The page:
Sure, he helped you for several hours assembling the wedding invitations. But what he doesn't understand is that before you got to that point -- you had already spent days designing the invitations, weeks waiting for them, hours and hours looking at wedding websites, driven miles and miles to different stores buying stamps, ribbon, glue, whatever. So that's why he feels like he has helped, but you feel like he hasn't done crap. That's how the drama starts.
With Steven, I made the mistake of involving him in too many decisions early on. Decisions that he didn't really care about. When he didn't have an opinion, it pissed me off. And when he gave me his opinion, I'd dismiss it as being silly and impractical. He would ask me the same questions about things over and over again, and I'd get enraged. Not just a little mad, but boiling-over angry.
He was trying so hard to help and it would just make me angrier. He consulted a co-worker and got a semi-acceptable answer for the parking situation at our reception. Which would have been fine, but I had already spent several hours calling the City of Virginia Beach municipal parking department two months earlier. So I already had my answer...two months ago. Of course, I told him this, but he didn't remember.
There was one day, that Steven actually invented the concept of Save the Dates. I mean, not just the idea of us having them for our wedding, but he literally invented the concept of them in the entire universe. Of course, this was after I had already ordered our Save the Dates. Steven called and said, "Hey, I got an idea. What if we make these cards, and send them out to people telling them about our wedding? We could even put your blog website address on there." Of course, we had already talked all about this, weeks and weeks before. I have heard that with Alzheimer's' patients, there is no point in even fighting with them. It's just best to go along with whatever they say. So I simply replied, "Wow, that's a great idea babe. Let's do it." I think the Save the Dates arrived the very next day.
The thing that has really helped my sanity in regards to our wedding planning is that Steven has gone far, far away. He went all the way across country for work, and it has really made things easier. I consult him on about 10% of the details, and I make 100% of the decisions. About three to four times a week, he asks, "Anything new with the wedding?" I give him any new details and he always seems okay with them.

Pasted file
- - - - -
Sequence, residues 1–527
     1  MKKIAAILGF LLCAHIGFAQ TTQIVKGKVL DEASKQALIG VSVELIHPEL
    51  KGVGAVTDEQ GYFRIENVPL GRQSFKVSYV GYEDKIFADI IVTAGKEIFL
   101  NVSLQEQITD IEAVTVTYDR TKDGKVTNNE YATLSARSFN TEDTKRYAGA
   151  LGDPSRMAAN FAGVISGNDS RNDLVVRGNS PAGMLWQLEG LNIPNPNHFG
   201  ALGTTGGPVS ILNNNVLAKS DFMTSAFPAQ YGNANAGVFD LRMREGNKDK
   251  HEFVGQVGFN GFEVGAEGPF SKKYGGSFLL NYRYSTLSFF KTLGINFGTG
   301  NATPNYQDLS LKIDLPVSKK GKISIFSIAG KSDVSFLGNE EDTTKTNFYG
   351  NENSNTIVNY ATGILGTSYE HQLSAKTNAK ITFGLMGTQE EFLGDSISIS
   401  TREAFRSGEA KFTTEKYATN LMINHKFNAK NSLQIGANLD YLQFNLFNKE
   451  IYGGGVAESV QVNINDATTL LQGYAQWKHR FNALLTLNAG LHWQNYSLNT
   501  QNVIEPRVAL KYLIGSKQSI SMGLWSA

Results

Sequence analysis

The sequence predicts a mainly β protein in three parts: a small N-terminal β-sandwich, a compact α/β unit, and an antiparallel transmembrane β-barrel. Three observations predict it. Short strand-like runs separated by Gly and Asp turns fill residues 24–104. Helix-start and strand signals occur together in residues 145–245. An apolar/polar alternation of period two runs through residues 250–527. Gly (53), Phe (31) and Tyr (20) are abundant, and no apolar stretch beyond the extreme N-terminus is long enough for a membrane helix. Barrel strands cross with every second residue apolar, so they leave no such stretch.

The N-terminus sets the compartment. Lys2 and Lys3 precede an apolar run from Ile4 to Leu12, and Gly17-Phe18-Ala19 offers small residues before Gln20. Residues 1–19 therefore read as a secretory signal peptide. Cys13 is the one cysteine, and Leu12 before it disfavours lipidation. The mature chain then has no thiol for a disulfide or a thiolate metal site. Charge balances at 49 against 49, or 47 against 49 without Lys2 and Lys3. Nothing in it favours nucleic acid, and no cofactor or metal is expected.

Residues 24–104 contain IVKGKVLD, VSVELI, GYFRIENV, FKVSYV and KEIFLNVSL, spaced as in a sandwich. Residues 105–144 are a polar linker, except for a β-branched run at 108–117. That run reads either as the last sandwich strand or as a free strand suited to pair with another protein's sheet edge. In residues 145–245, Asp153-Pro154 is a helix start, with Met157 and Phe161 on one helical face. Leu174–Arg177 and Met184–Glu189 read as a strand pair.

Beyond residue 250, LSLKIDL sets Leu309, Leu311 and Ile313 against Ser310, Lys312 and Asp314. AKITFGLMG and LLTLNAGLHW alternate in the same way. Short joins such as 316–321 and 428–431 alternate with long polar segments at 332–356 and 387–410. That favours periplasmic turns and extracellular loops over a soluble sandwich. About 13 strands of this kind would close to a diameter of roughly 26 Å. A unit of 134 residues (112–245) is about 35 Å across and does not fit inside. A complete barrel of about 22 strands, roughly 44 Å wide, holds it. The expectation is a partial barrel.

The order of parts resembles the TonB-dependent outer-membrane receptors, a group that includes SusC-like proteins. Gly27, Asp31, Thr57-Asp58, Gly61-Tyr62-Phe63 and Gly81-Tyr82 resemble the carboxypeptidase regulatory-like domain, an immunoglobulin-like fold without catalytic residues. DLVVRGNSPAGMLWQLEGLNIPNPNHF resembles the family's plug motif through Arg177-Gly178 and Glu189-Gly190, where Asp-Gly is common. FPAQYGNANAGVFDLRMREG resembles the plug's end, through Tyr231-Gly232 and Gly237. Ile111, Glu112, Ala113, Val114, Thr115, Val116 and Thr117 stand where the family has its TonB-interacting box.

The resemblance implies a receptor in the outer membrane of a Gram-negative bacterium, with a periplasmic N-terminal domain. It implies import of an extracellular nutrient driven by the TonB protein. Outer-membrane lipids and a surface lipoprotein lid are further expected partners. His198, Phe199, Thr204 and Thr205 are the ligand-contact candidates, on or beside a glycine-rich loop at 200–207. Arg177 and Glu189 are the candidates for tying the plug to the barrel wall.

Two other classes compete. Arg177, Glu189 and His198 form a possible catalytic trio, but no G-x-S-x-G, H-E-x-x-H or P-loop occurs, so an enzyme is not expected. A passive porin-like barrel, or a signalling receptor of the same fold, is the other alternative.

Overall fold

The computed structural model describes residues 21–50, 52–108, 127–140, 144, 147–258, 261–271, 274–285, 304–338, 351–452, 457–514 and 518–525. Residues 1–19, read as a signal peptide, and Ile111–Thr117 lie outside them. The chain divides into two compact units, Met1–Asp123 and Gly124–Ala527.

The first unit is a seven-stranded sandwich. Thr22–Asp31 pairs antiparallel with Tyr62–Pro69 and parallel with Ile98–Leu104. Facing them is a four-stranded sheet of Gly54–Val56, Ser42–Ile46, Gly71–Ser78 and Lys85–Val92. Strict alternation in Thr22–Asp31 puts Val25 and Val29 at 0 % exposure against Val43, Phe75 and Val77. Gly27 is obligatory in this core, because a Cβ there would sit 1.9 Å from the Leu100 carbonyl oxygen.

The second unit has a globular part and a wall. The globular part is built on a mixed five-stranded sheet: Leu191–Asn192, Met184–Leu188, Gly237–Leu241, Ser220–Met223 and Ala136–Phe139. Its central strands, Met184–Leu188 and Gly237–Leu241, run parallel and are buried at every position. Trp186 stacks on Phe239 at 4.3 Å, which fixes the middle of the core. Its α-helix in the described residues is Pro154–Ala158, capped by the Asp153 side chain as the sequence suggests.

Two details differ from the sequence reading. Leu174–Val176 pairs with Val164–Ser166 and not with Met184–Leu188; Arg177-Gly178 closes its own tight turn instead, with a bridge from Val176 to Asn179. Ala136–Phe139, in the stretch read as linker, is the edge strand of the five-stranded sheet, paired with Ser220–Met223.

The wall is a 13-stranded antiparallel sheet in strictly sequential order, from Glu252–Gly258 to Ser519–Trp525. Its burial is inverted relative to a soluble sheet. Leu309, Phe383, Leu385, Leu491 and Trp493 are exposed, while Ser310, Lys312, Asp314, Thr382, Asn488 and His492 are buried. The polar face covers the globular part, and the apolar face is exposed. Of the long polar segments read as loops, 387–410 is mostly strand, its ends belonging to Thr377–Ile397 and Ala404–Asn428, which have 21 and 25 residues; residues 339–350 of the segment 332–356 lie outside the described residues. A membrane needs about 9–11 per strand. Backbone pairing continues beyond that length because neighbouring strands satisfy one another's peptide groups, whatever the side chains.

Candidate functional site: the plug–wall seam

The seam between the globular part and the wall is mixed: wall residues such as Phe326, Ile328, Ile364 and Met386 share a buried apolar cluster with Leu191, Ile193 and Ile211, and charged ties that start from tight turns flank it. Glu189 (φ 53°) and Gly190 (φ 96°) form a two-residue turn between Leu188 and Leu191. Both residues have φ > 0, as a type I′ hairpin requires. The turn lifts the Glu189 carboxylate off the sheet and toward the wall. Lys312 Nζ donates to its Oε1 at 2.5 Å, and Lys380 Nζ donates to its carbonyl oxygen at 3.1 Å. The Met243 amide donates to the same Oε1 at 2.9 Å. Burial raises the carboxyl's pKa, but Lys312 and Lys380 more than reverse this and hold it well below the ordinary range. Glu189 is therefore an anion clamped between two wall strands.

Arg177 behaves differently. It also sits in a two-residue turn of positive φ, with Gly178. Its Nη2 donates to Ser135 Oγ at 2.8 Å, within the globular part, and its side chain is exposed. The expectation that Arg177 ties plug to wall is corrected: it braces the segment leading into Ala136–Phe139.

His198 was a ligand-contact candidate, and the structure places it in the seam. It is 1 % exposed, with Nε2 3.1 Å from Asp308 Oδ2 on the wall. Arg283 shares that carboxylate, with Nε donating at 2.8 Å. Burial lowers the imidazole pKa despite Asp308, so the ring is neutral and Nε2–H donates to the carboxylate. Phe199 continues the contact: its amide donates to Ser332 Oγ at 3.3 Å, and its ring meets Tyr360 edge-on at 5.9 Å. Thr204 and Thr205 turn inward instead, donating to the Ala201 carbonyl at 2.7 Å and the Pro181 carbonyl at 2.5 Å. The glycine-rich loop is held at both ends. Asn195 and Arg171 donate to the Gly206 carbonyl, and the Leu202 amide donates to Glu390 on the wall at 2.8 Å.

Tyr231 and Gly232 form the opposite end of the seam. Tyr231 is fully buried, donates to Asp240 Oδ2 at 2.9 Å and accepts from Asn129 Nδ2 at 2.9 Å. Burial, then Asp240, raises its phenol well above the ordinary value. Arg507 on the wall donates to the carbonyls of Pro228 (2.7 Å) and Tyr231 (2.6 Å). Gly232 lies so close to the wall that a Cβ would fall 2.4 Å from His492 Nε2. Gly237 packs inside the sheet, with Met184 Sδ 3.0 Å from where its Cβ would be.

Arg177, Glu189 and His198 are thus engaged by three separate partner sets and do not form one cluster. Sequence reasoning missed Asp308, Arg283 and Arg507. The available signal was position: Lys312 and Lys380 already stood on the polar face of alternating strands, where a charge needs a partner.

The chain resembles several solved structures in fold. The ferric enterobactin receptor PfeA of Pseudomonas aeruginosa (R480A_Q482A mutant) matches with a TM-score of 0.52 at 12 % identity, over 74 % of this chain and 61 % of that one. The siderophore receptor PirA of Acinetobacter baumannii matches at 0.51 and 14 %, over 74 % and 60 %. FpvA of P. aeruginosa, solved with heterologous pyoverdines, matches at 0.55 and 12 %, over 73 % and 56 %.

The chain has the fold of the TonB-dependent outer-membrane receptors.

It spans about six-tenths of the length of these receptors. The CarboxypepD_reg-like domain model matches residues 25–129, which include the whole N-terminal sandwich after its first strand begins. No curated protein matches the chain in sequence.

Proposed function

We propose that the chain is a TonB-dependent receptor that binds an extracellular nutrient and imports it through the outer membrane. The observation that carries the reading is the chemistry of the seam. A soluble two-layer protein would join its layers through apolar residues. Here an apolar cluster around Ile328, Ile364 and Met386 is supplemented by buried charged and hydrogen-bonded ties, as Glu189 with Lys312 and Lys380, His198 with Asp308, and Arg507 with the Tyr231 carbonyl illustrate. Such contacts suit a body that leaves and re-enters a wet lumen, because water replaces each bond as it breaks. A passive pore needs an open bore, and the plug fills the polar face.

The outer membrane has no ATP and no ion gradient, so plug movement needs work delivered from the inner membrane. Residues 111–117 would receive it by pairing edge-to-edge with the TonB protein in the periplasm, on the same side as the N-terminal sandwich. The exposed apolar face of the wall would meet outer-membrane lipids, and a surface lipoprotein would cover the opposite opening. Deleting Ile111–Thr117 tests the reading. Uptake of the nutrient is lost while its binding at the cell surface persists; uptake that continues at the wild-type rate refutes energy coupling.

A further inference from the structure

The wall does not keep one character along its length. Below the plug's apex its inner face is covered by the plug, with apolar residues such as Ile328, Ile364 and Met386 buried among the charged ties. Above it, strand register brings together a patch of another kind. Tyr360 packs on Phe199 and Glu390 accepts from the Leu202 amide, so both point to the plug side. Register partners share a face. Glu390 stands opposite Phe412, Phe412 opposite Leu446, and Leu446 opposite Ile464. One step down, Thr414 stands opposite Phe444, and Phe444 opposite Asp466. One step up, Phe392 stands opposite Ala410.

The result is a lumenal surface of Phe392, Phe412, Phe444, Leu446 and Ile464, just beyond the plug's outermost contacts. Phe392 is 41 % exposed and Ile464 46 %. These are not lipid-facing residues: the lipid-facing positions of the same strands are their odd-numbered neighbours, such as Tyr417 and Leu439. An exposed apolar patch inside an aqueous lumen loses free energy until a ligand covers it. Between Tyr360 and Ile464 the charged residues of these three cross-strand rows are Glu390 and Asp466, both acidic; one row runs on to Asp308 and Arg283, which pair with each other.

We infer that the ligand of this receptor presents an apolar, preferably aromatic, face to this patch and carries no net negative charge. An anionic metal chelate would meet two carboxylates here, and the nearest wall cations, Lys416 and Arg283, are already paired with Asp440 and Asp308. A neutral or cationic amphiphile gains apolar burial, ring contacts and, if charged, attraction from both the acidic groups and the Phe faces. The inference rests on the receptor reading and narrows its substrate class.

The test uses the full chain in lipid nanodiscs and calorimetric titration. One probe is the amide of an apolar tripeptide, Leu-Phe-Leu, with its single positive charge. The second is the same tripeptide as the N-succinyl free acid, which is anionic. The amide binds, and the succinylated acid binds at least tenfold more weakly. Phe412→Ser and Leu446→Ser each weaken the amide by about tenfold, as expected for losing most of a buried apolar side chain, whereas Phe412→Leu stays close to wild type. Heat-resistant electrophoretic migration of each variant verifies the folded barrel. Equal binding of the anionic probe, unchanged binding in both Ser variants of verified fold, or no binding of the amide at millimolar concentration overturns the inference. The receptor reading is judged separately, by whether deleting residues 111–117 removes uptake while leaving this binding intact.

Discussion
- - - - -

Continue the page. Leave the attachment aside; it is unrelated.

Because that's the thing about guys, even if they made a big stink about something earlier, they suddenly don't remember being upset about it before. It's like pushing a dog. Two seconds after you push them, they are wagging their tails again. Guys really, truly don't care about what you choose. I picked out the beach house for our wedding. It was not the house that Steven wanted. He loves it now. I booked our honeymoon at a different resort then Steven wanted. He couldn't be more excited about it. To this day, Steven has still not seen our Save the Dates. He's seen the picture that Pilly drew, but he has not seen the final product. He doesn't know the size and the shape of it, or even the font color. It took me two full days to pick that font color. I even printed out several font choices, and took them to work and had random people vote on their favorite. Steven is cool with whatever I choose.
And that's why men marry the women they do -- because they trust you to make the decisions for them that they don't really give a crap about. They don't want to pick out socks, or buy flea and tick medicine. They don't care what kind of fabric softener you buy. So why would they care about the theme of your cake topper? They don't. Guys care about food, music and cars. So those are the things they should be involved in during wedding planning, and nothing else. Not just for his sanity, but yours as well.
Grooms -- you can't kill them, so you might as well marry them.